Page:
Laurence Fischer is a three-time world karate champion. In 2017, she created Fight for Dignity, a nonprofit that offers adapted karate training to women who have been victims of violence. Since July 2019, she has been sports ambassador for the French Ministry of Foreign Affairs. She explains how she became involved and her vision of philanthropy.
You have been working with NGOs for a long time. Where does this commitment come from?
My commitment is linked to my own experience and the impact that sports has had on my life. I started doing karate when I was 12 without really liking it, because I was very shy and introverted. Then I realized it was an incredible means of expression. I am very grateful to karate for what it has given me: self-awareness and a very direct connection with another person. Having been lucky enough to live in a country where it is easy to do sports, I felt it was my turn to pass on my knowledge, to seek out those who don’t have access. That’s how I became committed to working with NGOs like L’agence Pour L’Éducation Par le Sport (Sports Education Agency), Play International and Premiers de Cordée (Lead Climber).
You created Fight for Dignity in 2017 to help women victims of violence to rebuild their lives, both physically and mentally, through practicing an adapted version of karate. What was the lightbulb moment for you?
I had two decisive experiences. In 2005, I put together a mission with Play International to go to Afghanistan and share my athletic experience with the country’s top young women’s karate team, who were risking their lives to practice. I had them come to France to tell their story. At that moment, I realized that freedom, for a woman, comes at a price that is not the same everywhere in the world.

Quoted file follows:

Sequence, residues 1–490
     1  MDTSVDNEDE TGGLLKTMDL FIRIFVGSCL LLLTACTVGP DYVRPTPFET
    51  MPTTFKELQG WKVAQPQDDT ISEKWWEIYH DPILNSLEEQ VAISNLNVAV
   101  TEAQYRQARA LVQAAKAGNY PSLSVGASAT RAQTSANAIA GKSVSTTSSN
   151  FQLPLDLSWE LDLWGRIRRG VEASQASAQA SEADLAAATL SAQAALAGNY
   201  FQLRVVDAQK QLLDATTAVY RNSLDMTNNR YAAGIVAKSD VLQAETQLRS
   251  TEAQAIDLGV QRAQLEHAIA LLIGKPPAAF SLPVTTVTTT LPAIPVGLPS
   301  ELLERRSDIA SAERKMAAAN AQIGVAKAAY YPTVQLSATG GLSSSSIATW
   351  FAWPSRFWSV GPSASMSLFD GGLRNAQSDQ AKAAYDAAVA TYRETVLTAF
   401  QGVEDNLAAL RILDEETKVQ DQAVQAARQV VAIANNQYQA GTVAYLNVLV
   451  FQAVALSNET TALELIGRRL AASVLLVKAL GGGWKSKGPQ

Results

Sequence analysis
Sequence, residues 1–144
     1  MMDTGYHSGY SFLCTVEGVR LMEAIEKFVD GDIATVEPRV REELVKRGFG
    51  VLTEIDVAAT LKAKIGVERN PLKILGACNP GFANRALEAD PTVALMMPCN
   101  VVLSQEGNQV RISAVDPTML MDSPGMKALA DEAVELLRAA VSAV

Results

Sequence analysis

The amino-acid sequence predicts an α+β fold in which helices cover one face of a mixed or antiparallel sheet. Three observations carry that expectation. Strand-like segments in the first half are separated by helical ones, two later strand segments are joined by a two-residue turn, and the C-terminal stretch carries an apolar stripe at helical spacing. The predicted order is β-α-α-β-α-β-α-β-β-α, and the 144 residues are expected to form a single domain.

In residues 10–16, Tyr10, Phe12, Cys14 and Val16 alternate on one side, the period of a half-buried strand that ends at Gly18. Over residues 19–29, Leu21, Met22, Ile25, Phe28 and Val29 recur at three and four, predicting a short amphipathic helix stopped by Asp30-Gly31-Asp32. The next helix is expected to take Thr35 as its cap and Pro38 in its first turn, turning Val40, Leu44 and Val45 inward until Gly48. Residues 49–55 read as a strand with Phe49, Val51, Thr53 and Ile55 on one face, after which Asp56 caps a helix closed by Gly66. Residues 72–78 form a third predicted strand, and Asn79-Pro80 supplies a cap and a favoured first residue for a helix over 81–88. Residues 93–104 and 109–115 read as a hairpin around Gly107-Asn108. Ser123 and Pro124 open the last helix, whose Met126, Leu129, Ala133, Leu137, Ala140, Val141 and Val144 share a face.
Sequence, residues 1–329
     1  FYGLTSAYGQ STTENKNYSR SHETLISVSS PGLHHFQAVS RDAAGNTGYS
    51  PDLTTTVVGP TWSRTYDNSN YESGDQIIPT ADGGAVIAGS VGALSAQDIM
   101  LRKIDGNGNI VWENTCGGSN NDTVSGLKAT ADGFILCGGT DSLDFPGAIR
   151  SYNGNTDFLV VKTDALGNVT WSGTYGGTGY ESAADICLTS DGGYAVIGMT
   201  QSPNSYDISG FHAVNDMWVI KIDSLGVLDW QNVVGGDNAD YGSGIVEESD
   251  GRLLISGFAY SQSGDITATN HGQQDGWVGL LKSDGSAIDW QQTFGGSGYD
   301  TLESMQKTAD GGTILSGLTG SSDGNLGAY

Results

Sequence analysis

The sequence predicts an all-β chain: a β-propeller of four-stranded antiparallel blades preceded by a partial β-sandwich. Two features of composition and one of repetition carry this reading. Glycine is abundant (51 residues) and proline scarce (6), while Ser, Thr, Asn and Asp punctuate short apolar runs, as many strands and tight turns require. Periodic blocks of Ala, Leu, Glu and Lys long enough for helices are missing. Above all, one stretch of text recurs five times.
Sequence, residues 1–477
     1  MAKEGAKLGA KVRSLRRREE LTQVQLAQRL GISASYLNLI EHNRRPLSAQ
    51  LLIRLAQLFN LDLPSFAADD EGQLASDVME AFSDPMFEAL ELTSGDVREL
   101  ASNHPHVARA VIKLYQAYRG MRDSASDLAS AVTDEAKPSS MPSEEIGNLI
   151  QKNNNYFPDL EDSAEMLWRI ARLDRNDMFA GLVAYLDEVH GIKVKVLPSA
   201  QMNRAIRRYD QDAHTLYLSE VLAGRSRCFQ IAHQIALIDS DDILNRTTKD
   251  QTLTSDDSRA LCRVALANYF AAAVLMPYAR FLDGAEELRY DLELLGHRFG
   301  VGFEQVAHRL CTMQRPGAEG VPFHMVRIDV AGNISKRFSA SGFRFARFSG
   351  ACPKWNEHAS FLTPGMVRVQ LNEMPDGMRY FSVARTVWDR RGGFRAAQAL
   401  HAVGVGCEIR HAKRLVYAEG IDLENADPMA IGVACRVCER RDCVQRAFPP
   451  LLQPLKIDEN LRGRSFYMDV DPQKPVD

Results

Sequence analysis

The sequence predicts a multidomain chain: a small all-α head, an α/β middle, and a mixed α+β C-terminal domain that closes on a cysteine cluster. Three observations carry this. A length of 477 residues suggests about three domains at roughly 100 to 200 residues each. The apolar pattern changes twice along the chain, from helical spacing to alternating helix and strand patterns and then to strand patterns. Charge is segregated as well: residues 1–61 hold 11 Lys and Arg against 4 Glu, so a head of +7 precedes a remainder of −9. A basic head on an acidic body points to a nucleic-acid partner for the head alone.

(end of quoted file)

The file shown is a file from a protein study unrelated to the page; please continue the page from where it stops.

The second shock was in 2013 during the Global Forum of Francophone Women. While I was there, I met Dr. Mukwege, a gynecologist-obstetrician and director of the Panzi Hospital in Bukavu, in the Democratic Republic of the Congo. He fights against the use of rape as a weapon of war and works to help the survivors get their lives back. He had just escaped an assassination attempt. Armed with my experience in sports education and the fight for gender equality, I made myself available. In 2014 I went to Panzi, to the Maison Dorcas (Dorcas House) where these women and young girls are cared for. It’s a holistic facility that offers assistance with medical, legal and employment issues, among other things. There was music therapy, but nothing for their bodies, which had been traumatized twice – first by the brutality of rape, and then by reconstructive surgery. So, I proposed a karate class adapted for post traumatic stress to put their bodies back into action, and to reconnect their bodies with their mental state. It’s not self-defense, but reconstruction: how to deal with one’s emotions, and to release them. The aim was to recover their self-esteem, to reclaim their wounded bodies, that they now associated with suffering. When I came back to France, I developed the Fight for Dignity project at the Saint Denis Maison des Femmes (Women’s House) for female victims of violence. These women need to be able to break their silence, feel protected, heard, and must get support to rebuild their lives.
This project is receiving support from several philanthropic actors, including Fondation de France, Fondation Raja, Fondation des Femmes, and Fondation L’Oréal. How has philanthropy played an essential role in the fight to stop violence against women?